by: Rowan Baylis [ ]
Originally published on:
Eduard's Pfalz D.IIIa has been released several times over the years in different forms, originally as a basic styrene kit and then as a Profi Pack with added etched details and new decals. The latest version comes nicely presented in a sturdy top-opening box with parts for two complete aircraft, each comprising:
55 x beige styrene parts
42 x etched parts
A sheet of film for the windscreen and instruments
Decals are included for 5 x colour schemes, 4 of which are illustrated with full colour profiles in the instructions.
Despite the original kit being a few years old now, the moulding is still pin-sharp, with no signs of flash or other problems. The surface finish is very smooth, with a few embossed cowl lines and raised access panels on the fuselage, and precise rib effects on the wings and tail. The kit pre-dates Eduard's present way of handling fabric surfaces, so there are no rib tapes and the ribs are a bit more heavily depicted than they might do nowadays, but the finished kit should still look very good. Items like the wing radiator look very neat.
A few detailsThe Pfalz isn't overly complicated, so should make a good choice for newcomers to WW1 modelling, but still manages to include a useful amount of interior detail.
The kit instructions indicate that the cockpit is constructed from a mixture of 32 x styrene and etched parts, but anyone looking for a simpler build will find plastic alternatives for some of the metal parts marked as unused on the sprues. Unusually, for Eduard's recent models, the etched fret isn't pre-painted, and includes seat harnesses, a new instrument panel (plus printed film), plus a number of small levers and switches.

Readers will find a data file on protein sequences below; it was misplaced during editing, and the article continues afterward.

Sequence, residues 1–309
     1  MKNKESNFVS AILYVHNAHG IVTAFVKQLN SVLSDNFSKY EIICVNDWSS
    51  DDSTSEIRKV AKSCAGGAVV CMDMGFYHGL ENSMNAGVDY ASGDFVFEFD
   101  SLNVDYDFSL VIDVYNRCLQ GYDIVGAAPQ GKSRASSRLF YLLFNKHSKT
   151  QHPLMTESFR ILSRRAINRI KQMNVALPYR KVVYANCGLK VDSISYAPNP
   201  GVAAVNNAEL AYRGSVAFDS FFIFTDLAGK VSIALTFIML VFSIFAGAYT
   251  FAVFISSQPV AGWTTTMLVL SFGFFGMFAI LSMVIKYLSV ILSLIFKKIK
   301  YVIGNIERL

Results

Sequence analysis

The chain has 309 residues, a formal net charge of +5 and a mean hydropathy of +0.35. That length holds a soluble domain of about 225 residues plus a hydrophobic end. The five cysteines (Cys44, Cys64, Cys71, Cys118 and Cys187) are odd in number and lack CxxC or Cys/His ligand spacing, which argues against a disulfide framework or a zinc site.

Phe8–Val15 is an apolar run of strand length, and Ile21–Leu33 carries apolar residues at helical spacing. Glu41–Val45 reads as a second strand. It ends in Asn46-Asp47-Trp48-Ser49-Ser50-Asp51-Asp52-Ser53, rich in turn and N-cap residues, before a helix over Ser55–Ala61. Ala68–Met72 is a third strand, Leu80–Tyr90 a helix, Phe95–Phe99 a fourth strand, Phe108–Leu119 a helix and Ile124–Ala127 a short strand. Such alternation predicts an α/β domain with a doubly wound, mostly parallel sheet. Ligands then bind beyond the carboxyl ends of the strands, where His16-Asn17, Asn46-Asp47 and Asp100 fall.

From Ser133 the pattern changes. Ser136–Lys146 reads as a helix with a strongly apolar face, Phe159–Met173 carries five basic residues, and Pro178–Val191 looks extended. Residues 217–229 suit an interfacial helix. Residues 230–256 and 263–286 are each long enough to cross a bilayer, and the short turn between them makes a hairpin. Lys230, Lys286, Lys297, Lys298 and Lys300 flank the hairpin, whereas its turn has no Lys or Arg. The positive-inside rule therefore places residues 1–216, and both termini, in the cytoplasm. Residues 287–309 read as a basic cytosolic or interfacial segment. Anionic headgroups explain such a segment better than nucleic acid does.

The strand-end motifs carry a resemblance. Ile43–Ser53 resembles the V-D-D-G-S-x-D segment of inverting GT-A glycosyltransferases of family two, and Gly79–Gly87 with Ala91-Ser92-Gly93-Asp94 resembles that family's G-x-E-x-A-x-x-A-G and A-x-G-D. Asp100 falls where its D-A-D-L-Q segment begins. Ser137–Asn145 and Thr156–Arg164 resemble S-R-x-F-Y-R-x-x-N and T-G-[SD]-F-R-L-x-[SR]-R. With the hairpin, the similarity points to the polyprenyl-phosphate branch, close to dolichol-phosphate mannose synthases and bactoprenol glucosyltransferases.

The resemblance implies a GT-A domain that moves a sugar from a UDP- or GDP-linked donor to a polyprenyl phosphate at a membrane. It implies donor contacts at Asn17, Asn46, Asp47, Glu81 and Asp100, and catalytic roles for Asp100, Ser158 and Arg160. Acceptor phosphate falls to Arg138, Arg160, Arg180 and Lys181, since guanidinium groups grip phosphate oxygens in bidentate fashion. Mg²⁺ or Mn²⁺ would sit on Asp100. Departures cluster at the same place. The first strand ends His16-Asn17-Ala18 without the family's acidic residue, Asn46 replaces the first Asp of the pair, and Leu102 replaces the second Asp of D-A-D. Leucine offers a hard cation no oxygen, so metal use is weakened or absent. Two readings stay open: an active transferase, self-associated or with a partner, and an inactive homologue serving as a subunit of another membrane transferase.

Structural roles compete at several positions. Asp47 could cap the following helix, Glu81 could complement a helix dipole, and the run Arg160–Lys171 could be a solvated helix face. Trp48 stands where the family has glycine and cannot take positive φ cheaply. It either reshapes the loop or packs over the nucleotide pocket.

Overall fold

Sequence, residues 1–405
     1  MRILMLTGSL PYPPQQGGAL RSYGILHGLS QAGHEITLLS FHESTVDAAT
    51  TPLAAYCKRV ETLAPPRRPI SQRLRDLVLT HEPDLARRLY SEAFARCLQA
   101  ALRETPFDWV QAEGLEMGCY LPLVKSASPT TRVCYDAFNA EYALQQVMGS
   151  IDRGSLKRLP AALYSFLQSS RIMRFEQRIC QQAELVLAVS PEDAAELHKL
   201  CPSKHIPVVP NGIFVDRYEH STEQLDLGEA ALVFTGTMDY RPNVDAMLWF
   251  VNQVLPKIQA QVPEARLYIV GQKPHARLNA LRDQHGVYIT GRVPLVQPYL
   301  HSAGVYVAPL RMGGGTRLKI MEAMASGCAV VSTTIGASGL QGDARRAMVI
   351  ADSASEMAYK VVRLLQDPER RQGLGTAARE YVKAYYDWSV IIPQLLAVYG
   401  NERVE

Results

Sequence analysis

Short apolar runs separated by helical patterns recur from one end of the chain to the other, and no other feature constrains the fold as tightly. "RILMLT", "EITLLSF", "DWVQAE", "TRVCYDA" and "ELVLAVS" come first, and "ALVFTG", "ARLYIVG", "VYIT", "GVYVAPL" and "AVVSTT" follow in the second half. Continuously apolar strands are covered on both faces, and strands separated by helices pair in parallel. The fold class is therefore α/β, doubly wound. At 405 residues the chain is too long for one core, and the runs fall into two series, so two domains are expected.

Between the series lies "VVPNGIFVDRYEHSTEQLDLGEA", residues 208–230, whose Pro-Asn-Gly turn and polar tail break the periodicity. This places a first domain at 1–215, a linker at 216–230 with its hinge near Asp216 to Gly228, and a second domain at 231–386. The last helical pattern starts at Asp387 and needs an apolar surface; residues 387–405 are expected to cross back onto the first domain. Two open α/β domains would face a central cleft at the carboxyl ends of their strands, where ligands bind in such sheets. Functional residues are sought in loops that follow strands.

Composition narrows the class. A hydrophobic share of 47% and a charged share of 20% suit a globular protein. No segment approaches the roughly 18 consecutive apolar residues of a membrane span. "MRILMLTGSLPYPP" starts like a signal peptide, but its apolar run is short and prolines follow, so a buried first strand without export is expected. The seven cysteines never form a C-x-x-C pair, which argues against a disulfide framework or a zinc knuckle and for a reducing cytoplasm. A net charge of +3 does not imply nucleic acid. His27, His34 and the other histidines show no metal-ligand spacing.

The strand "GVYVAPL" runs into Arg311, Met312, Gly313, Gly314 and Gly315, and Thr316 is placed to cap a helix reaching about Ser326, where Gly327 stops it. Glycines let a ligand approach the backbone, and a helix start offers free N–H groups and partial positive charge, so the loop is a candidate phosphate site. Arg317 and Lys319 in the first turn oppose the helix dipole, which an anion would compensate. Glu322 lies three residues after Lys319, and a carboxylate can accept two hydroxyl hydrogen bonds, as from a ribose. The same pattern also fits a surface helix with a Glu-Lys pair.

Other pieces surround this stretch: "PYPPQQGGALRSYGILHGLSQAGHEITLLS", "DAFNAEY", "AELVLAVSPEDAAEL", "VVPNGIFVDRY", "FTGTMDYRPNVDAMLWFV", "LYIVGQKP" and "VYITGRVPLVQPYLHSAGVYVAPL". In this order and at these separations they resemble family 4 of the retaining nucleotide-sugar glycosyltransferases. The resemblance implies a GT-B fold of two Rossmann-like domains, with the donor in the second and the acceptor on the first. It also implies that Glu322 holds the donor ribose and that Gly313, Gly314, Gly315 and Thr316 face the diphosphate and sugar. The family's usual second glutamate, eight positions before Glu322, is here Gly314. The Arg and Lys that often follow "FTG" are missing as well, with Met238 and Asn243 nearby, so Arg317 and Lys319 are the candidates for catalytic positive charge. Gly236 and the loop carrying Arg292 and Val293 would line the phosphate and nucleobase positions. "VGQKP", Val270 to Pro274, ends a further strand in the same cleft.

The engine is a straightforward 5-part affair that sits in a simple mount before closing the fuselage halves, with the exhaust added later.
The fuselage guns are moulded solid, fine for beginners, but etched cooling jackets are also provided, along cocking levers and ammunition feeds.
The inter-plane and undercarriage struts are crisply moulded, and the overall simple layout of the Pfalz makes it ideal for anyone inexperienced with biplane models. The instructions include a simple rigging diagram, and show the control cables and their small etched attachments (again, styrene versions are also on the sprues).
Instructions and paintingThe instructions take the form of an A-4 booklet, with the main colour schemes occupying the centre pages. The original assembly diagrams date back to a time when Eduard printed their instructions smaller, so they seem almost over sized in their new form, but they are certainly clear and modellers of all abilities should find few problems. Colour matches are included for Gunze Sangyo paints and keyed to all the details.
Four painting schemes are illustrated in colour:
A. Carl Degelow, Jasta 7, March 1918.
B. Rudolf Berthold, Commander of JG 2, 1918.
C. Jasta 5, Spring 1918, pilot unknown.
D. Joachim Buddecke, Jasta 30, early 1918.
A fifth "bonus" option for Hans-George von der Marwitz, Jasta 30, Spring 1918, is illustrated in B&W on the front cover of the instructions and a full profile is available online.
The decals are beautifully printed as glossy items on a large sheet, with precise registration and almost now excess carrier film at all. The colour schemes provided are very attractive, so it's something of a disappointment to note that, despite the large size of the decal sheet, only one set each is provided of the early- and late-style crosses, so you're limited in the schemes you can actually build and you'll need to find extra crosses if you want to model, say, schemes A and B together, and likewise C, D and the "bonus" scheme.
ConclusionEduard's Pfalz D.IIIa has always been a good kit and it's nice to see it given a fresh lease of life as a Dual Combo. Terri Werner and Mark Hamrick will be tackling the model as a joint-build, so watch out for our Dynamic Duo's progress in the Forum soon.
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